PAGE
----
If your enemy knows you are using NUK or ATT, he has a 50% chance to ignore your minefield. Watch messages for signs that Bird Men are tampering with your friendly codes. When this happens, or when an enemy captures one of your planets, make sure you change all planetary friendly codes.
For planets without starbases, 21 defense posts is usually sufficient. This gives you enough to beat any probe, and makes it impossible to get sensor readings off the planets. Use NUK or ATT to kill hyperjumping probes. But when you have a nearby minefield, know which planet controls it and set the friendly code of that planet to something else. Closest planet controls the code.
Brought to you by Donovan!
Building and cloning ships
Starbases can build or clone one starship per turn. When a starbase is set to both build and clone a ship, it will build a ship and no clone will be made. You can construct and store as many starship components such as hulls, engines engines and weapons for use at a later time as you want, provided you have the resources to do so.
VGA Planets, or rather the Host program, has a built-in limit of 500 ships. There can not be more than 500 ships in the game at the same time. The situation before this shiplimit is reached is quite different from that after the shiplimit. There are two moments in the host-cycle that starbases build ships: before and after combat. Before this shiplimit is reached, all ships are built when the Host programs cycles through the starbases in the 1st build-phase before combat, since there are still plenty of free shipslots.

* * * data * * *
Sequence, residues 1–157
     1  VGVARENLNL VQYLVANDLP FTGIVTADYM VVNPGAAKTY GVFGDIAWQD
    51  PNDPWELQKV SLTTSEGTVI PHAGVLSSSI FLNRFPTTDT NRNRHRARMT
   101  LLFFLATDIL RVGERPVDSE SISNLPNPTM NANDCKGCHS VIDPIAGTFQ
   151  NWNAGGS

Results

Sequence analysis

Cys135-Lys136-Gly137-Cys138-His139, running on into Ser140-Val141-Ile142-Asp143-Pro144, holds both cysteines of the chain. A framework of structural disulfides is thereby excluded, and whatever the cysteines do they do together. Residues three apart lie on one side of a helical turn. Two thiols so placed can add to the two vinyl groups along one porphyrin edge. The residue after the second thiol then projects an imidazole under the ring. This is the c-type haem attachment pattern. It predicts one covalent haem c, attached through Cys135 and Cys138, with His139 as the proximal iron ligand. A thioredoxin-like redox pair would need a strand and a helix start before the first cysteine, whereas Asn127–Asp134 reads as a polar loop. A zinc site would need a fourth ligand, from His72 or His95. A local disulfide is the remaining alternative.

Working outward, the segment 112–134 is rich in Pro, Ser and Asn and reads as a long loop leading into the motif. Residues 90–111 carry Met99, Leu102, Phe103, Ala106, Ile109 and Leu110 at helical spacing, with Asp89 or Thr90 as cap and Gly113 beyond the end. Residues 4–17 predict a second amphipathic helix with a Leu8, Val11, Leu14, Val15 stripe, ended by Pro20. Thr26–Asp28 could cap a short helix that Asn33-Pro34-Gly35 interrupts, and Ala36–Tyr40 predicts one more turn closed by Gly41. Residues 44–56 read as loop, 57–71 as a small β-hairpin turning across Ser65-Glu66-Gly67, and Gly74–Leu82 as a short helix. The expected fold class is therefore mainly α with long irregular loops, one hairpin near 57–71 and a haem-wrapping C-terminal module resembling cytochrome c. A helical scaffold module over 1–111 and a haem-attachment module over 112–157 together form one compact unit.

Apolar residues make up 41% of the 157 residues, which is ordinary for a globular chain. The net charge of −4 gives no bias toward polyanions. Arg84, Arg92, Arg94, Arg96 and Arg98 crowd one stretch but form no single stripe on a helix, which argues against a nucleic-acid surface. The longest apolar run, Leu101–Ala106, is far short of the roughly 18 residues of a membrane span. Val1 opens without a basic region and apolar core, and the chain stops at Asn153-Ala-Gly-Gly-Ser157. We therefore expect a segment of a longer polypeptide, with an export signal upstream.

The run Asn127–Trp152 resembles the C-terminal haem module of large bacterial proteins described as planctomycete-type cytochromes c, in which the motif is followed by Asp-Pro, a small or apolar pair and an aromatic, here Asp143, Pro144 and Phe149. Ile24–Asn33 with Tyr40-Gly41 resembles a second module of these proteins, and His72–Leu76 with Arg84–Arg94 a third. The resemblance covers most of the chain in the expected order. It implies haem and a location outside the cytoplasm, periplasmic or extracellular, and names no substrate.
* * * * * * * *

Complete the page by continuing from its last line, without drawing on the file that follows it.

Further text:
After the shiplimit has been reached the situation changes. When Host during it's cycle reaches the 1st build-phase there are usually no shipslots free to build any ships. Most ships will therefore be built after combat, because only then has the destruction of ships in combat opened up shipslots. With the shiplimit (actually already before the shiplimit, as soon as there are 450 ships in the game), another change occurs: priority build points come into play and with that the so-called "priority queue".
Priority Build Points
Priority build points play an important role in VGA Planets, even though they are not even used until there are 450 out of the maximum 500 ships already built. Priority points are intended to reward players who are active in warfare by giving them a better chance of building ships. To accomplish this, there are two separate shipqueues - the normal queue and the priority queue.
The normal queue
The normal buildqueue simply rotates around the cluster, moving from planet to planet in an ascending order. At each planet, the queue checks if there is a starbase there with orders to build a ship. If that is the case, the ship is built. If not, the queue moves on to the next planet. Once all the shipslots have been filled, the queue stops. When one or more shipslots open up, the queue continues where it was, checking the next planet. Ships built in the normal queue do not cost priority points.
The Priority queue
The priority queue jumps to bases depending entirely on the players' amounts of Priority Build Points. The priority queue only assigns builds to players who have more than 20 points (this amount is re-checked after each build, since each build will cost an amount of points), and awards the first available build to the player with the highest amount of points. Which base of that player is used exactly can be controlled by the player himself, by setting friendly codes of "PBx" on his bases. In these codes, the x is to be replaced with numbers ranging from 1 to 9 where number 1 (PB1) is the base that gets to build the first priority build, the base with BP2 the second and so on. If a player that is awarded a priority build does not have a PBx code on any of his bases, his first base that would have gotten the build in the normal queue will build a ship, costing priority points.